CFED Scorecard

Financial Assets & Income

Outcome Measures

Income Poverty Rate

Asset Poverty Rate

Asset Poverty by Race

Asset Poverty by Gender

Asset Poverty by Family Structure

Liquid Asset Poverty Rate

Liquid Asset Poverty by Race

Liquid Asset Poverty by Gender

Liquid Asset Poverty by Family Structure

Extreme Asset Poverty Rate

Net Worth

Net Worth by Race

Net Worth by Income

Net Worth by Gender

Net Worth by Family Structure

Unbanked Households

Underbanked Households

Households with Savings Accounts

Consumers with Subprime Credit

Borrowers 90+ Days Overdue

Average Credit Card Debt

Bankruptcy Rate

Policy Priorities

Tax Credits for Working Families

State IDA Program Support

Lifting Asset Limits in Public Benefit Programs

Protections from Predatory Short-Term Loans

Additional Policies

Income Tax Threshold

Tax Burden by Income

Prize-Linked Savings

Paperless Payday

Trend Indicators

Change in Net Worth

Change in Asset Poverty

Change in Liquid Asset Poverty

Change in Consumers with Subprime Credit

Change in Average Credit Card Debt

Businesses & Jobs

Housing & Homeownership

Health Care

Education

CFED Assets & Opportunity Scorecard

Liquid Asset Poverty by Family Structure

Reports & Graphics

Definition

Ratio of the liquid asset poverty rate of one-parent households to two-parent households, 2010. 

Calculated by dividing the higher value by the lower value, i.e., one-parent households divided by two-parent households.

A ratio of 1 indicates perfect equality; the higher the ratio, the greater the inequality. For example, the liquid asset poverty rate for single-parent households in Massachusetts is 2.9 times higher than for two-parent households.

Data are point estimates produced from a national survey with relatively small samples for some states, which can result in imprecise estimates and ranks. States are not ranked on this measure due to insufficient data at the state level. For more information on how we measured precision and to download margin of error data for each state, see here.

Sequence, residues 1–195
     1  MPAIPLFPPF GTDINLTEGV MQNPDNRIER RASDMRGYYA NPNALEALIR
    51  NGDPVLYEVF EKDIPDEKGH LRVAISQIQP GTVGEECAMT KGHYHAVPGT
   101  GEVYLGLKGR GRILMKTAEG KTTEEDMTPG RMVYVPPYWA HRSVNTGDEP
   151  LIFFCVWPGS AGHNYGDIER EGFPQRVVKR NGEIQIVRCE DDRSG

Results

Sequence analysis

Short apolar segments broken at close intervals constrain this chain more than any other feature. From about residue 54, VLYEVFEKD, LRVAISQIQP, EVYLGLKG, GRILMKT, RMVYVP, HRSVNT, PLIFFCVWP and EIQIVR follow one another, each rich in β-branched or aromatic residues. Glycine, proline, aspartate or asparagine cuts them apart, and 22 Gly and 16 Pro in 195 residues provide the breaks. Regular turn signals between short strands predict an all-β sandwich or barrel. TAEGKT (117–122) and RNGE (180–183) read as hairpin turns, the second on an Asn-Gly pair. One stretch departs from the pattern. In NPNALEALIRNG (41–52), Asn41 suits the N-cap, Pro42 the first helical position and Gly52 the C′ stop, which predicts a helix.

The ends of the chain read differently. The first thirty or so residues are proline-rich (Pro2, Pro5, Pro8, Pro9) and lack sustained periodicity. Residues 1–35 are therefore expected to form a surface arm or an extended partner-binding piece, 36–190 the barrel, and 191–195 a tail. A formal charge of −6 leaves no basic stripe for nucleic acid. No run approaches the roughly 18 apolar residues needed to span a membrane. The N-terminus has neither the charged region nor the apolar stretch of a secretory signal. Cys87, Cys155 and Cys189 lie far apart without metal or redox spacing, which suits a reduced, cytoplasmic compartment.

Description

This measure describes the disparity in liquid asset poverty between single-parent and two-parent households. Nationally, single-parent households are almost two times more likely to be asset poor than two-parent households, not only because the resources of two individuals combined are greater than the resources of one individual alone, but also because two-parent households enjoy economic benefits that make it easier to build wealth since they can share expenses like housing and utility payments.

For more information on wealth disparities by family structure, see the work of Mariko Lin Chang.

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Liquid Asset Poverty by Family Structure

StateLiquid Asset Poverty,
2-Parent Households (%)
Liquid Asset Poverty,
1-Parent Households (%)
Ratio
United States  38.8%  73.1%  1.88 
Alabama  47.6% * 88.4%  1.85 
Alaska  —  —  — 
Arizona  54.5%  75.2%  1.38 
Arkansas  44.3%  —  — 
California  45.9%  72.1%  1.57 
Colorado  43.9%  —  — 
Connecticut  31.4% * —  — 
Delaware  —  —  — 
District of Columbia  —  —  — 
Florida  48.7%  74.1%  1.52 
Georgia  46.8%  78.0%  1.67 
Hawaii  —  —  — 
Idaho  —  —  — 
Illinois  35.8%  71.7%  2.00 
Indiana  41.3%  73.6%  1.78 
Iowa  —  —  — 
Kansas  —  —  — 
Kentucky  39.8% * —  — 
Louisiana  31.0% * 76.3%  2.46 
Maine  —  —  — 
Maryland  20.5% * 65.9%  3.21 
Massachusetts  24.4%  70.7%  2.89 
Michigan  30.3%  69.4%  2.29 
Minnesota  13.6%  —  — 
Mississippi  45.6%  —  — 
Missouri  42.3%  68.3%  1.61 
Montana  —  —  — 
Nebraska  —  —  — 
Nevada  —  —  — 
New Hampshire  —  —  — 
New Jersey  34.5%  77.8%  2.25 
New Mexico  —  —  — 
New York  36.1%  79.4%  2.20 
North Carolina  41.9%  80.9%  1.93 
North Dakota  —  —  — 
Ohio  40.5%  76.8%  1.90 
Oklahoma  42.1%  —  — 
Oregon  39.6% * —  — 
Pennsylvania  21.9% * 69.4%  3.17 
Rhode Island  —  —  — 
South Carolina  37.7%  —  — 
South Dakota  —  —  — 
Tennessee  45.9%  81.9%  1.78 
Texas  49.4%  73.6%  1.49 
Utah  33.1%  —  — 
Vermont  —  —  — 
Virginia  28.3%  63.7%  2.25 
Washington  30.8%  69.0%  2.24 
West Virginia  —  —  — 
Wisconsin  22.3%  52.9%  2.37 
Wyoming  —  —  — 

Source

Survey of Income and Program Participation, 2008 Panel, Wave 7. Washington, DC: U.S. Department of Commerce, Census Bureau, 2010. Data calculated by the Bay Area Council Economic Institute.

"—" indicates that no data is available, or data is suppressed due to a margin of error that is greater than 50% of the estimate.

Footnotes

* Indicates that the margin of error is greater than 25% of the estimate, and as such, this estimate is too imprecise to rank. Caution should be used when using this data.

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